Christmas in McKinley Park

The derelict Continental Can Company building on South Ashland Avenue will be demolished and replaced in a proposal by Karis Cold Storage.

Cold Storage Pitched to Replace Historic Central Manufacturing District Building

Published September 28, 2022

A plan to build a cold storage facility on the site of an historic Continental Can Company plant at the northeast corner of South Ashland Avenue and West Pershing Pershing got the cold shoulder from attendees at a September 21, 2022, meeting of the McKinley Park Development Council.

 
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“Another blank wall on Ashland is just another blank and windowless building in a city recognized for its architecture and built environment,” Ward Miller, executive director for Preservation Chicago, said at the meeting.

 
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Karis Cold Storage LLC presented plans to build a 100,000-square-foot cold storage building for use by a produce or meat company. This use is allowed within the property’s current location within Planned Manufacturing District No. 8: an area the City of Chicago has designated for industrial and commercial businesses.

An architect's conception shows how the Karis Cold Storage warehouse might look from South Ashland Avenue.An architect's conception shows how the Karis Cold Storage warehouse might look from South Ashland Avenue.Miller noted how the structures under consideration for demolition are part of the Original East District of the Chicago Manufacturing District, an area Preservation Chicago highlighted in its 2021 Most Endangered list.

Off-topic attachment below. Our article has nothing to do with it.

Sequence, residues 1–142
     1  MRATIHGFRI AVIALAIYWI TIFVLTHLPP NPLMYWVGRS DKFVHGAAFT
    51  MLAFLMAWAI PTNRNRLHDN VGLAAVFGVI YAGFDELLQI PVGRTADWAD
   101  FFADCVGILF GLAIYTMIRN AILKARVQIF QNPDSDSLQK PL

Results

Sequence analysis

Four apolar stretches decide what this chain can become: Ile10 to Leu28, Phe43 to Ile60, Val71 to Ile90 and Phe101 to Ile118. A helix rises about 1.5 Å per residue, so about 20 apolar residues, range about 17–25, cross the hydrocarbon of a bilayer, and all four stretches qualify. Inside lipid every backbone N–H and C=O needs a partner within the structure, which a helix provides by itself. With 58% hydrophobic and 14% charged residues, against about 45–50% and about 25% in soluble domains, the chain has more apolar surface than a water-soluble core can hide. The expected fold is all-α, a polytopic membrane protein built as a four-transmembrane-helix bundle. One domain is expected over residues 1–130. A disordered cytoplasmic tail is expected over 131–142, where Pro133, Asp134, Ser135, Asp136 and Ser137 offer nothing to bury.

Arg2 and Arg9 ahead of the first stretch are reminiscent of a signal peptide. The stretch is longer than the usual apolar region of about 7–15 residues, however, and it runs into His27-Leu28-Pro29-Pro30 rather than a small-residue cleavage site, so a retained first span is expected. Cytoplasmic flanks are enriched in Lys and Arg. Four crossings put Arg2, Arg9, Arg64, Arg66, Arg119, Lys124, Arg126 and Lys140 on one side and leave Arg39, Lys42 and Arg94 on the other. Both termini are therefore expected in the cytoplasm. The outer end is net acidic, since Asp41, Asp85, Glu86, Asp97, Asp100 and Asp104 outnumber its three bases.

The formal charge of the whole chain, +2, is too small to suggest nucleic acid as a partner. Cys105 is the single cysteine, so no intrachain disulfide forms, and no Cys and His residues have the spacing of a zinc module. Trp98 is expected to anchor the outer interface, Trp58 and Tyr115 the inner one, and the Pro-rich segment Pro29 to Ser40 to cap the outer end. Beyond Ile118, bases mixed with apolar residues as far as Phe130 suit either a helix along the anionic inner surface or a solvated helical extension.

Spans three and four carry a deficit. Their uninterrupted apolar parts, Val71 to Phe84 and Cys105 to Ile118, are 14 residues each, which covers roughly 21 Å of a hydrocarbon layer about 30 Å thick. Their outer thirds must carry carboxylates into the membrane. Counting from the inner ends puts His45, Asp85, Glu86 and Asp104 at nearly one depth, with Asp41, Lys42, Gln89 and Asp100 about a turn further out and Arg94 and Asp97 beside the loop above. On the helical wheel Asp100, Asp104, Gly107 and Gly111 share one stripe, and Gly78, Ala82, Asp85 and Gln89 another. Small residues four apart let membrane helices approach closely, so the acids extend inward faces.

Currently Blighted

At the very least, the developer should work the building’s existing brick tower and Ashland Avenue-fronting facades into the proposed plans, Miller said.

 
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The development team noted how the existing building is blighted, with broken windows and extensive graffiti.

The City of Chicago requires air quality and traffic studies, as well as at least two community meetings, toward approval of the project.

According to the developer’s proposal, the area of the building facing Ashland would have ceilings at least 50 feet high to allow for added height in a deep freeze storage area. The building would be clad in white insulated metal panel so as not to absorb heat.

Traffic and Emissions

In compliance with a city request, the developer set the building back 15 feet from the lot line and agreed to plant a row of tall trees in the setback area, developers said.

The development team said that 60 trucks would make daily trips in and out of the proposed facility, along with 140 cars, accounting for 0.2 percent to 0.3 percent of rush hour traffic on adjacent streets.

 
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Emissions will create an insignificant impact, the development team said, and trucks and building emissions will be well below the limits set by the Illinois Environmental Protection Agency.

Canvas for Art

The Karis Cold Storage site plan shows the warehouse layout at the northeast corner of South Ashland Avenue and West Pershing Road.The Karis Cold Storage site plan shows the warehouse layout at the northeast corner of South Ashland Avenue and West Pershing Road.Robert Gamrath, the attorney for the developer, said that there may be an opportunity for artwork by a local artist to be on display on the Ashland Avenue street wall, possibly in the middle of the building. Developers also may commission a mural on the Ashland-facing wall, he said.

 
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Alderwoman Nicole Lee, who represents the 11th Ward in which the property resides, attended the meeting and said her office has been impressed with how the developers have been willing to work with the community.

Next Steps

Developers for the site proposal will submit their plans to the City of Chicago’s Department of Planning and Development. If approved, they anticipate receiving building permits by May 2023, when they will demolish the existing building and begin construction.

The facility should be complete and ready for business use in early 2024, developers said.

Photography by Kevin O'Neil


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